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Palestinian charged with terror for paving stone attack that seriously injured man

Ahmad Rashdan hit Yitzhak Dahan over the head on footbridge near Bnei Brak; prosecutors say assault was premeditated, motive was nationalist

Ahmad Rashdan is brought for a court hearing in Tel Aviv District Court on July 31, 2022.  (Avshalom Sassoni/Flash90)
Ahmad Rashdan is brought for a court hearing in Tel Aviv District Court on July 31, 2022. (Avshalom Sassoni/Flash90)

Terror charges were filed Sunday against a Palestinian accused of bashing a Bnei Brak man over the head with a piece of paving stone and seriously injuring him earlier this month.

Prosecutors said the terror attack was aimed at sowing panic among the Israeli public.

Ahmad Rashdan, 33, a resident of the West Bank town of Einabus, near Nablus, was indicted at the Tel Aviv District Court for attempted murder and aggravated assault as acts of terrorism, as well as obstruction of justice.

According to the indictment, Rashdan “tried to murder a person of Jewish origin” with a paving stone for “a nationalist-ideological motive and with the aim of raising fear or panic among the public.”

Prosecutors say the attack was premeditated and that Rashdan had visited the footbridge between the ultra-Orthodox city of Bnei Brak and neighboring Givat Shmuel two days earlier to plan how to carry it out.

Then, on July 5, he arrived at the bridge and put a piece of paving stone he found into his bag.

The scene where a man was attacked on a footbridge near Bnei Brak, July 5, 2022. (Avshalom Sassoni/Flash90)

Rashdan noticed Yitzhak Dahan, 47, as he was heading to morning prayers. The two walked past each other, at which point Rashdan pulled out the paving stone and used it to hit Dahan on the head. Dahan fell to the floor bleeding and Rashdan ran off, prosecutors said.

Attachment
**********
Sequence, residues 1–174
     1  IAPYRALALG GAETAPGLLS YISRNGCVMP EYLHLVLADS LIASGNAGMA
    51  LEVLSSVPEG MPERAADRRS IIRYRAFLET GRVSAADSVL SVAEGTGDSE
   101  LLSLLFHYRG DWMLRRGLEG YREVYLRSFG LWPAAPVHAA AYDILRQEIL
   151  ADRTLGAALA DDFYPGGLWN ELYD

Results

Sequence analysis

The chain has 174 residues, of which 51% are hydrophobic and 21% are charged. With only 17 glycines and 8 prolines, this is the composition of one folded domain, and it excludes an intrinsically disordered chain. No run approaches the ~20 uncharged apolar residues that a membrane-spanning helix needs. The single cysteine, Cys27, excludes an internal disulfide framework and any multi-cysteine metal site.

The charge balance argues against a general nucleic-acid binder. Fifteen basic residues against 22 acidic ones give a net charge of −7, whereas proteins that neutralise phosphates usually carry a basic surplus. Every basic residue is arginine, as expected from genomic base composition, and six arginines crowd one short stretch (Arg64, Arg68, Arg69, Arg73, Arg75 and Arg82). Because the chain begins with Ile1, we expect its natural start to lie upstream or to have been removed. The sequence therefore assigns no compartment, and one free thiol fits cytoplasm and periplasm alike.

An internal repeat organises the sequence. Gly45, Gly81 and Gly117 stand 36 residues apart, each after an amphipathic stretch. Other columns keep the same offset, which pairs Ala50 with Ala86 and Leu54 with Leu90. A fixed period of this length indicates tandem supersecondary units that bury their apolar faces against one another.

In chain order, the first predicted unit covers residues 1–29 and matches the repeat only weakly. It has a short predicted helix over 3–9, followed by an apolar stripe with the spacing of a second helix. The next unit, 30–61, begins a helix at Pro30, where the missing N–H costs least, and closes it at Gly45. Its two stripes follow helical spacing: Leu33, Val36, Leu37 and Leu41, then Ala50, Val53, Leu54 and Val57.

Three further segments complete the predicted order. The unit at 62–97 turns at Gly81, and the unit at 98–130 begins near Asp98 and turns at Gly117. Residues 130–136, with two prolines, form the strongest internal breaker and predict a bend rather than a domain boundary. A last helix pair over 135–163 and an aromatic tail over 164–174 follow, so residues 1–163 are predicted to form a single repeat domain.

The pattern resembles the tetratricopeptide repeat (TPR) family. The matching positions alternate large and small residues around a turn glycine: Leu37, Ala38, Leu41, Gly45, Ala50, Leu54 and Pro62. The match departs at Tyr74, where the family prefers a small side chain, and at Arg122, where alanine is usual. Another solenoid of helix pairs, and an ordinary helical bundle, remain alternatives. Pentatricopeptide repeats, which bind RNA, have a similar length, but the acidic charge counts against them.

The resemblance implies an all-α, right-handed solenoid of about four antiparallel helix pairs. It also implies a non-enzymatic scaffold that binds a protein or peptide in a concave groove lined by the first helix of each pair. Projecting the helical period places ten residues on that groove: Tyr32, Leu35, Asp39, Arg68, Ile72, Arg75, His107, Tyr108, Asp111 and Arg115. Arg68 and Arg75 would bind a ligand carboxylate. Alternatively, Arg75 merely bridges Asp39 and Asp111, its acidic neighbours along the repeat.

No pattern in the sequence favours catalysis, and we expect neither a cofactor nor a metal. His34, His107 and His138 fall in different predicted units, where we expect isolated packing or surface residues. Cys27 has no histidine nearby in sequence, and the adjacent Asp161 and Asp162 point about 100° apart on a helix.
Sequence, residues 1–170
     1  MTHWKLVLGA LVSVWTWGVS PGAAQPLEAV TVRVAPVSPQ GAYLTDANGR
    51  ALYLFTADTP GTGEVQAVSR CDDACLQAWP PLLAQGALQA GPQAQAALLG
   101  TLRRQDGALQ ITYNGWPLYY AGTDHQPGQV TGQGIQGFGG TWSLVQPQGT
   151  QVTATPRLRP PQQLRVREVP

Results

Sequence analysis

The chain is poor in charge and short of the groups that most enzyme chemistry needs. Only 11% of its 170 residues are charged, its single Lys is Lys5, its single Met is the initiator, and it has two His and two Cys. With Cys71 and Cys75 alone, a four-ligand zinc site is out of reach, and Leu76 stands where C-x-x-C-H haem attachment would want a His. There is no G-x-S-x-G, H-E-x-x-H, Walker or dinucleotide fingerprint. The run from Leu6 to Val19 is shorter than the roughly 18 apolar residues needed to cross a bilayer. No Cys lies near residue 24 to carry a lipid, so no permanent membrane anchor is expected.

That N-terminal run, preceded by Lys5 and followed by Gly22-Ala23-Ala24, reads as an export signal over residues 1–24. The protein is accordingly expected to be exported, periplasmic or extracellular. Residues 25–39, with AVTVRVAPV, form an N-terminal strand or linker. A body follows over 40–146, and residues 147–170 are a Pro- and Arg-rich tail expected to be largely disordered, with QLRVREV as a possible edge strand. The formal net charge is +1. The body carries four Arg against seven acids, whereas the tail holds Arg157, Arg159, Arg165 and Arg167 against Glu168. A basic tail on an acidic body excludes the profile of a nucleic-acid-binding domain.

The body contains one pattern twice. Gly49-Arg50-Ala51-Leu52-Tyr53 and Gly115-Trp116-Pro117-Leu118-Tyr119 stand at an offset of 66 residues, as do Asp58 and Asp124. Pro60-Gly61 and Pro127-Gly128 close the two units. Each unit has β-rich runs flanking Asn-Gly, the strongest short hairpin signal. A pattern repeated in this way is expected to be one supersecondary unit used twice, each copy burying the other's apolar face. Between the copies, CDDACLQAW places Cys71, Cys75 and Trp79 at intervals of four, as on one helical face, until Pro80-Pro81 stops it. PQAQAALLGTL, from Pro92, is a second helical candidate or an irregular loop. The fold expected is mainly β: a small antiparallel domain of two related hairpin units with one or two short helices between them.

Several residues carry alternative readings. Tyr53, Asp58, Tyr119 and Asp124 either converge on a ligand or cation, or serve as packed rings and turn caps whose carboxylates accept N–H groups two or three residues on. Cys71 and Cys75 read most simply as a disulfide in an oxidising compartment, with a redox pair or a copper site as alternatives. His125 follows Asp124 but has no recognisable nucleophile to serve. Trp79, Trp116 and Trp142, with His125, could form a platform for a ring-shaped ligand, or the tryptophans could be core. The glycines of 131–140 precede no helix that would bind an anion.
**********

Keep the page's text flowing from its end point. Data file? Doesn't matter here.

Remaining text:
According to the indictment, before leaving home on the morning of the attack, Rashdan left a letter to his family in which he wrote he must “live or die due to hatred of the Jews” and that he was “answering the call of jihad.”

Dahan suffered a fractured skull, a brain hemorrhage and hearing loss.

Yitzhak Dahan, 47, who was hurt in a suspected terror attack between Bnei Brak and Gviat Shmuel, speaks to Channel 12 news on July 6, 2022, a day after the attack. (Screenshot: Channel 12 news)

Police identified Rashdan shortly after the attack and arrested him. He reportedly had a work permit enabling him to enter Israel.

The attack came following a string of deadly incidents between mid-March and the beginning of May that left 19 people dead.

The most deadly attack — in which five people were killed — occurred in Bnei Brak, an ultra-Orthodox suburb of Tel Aviv.

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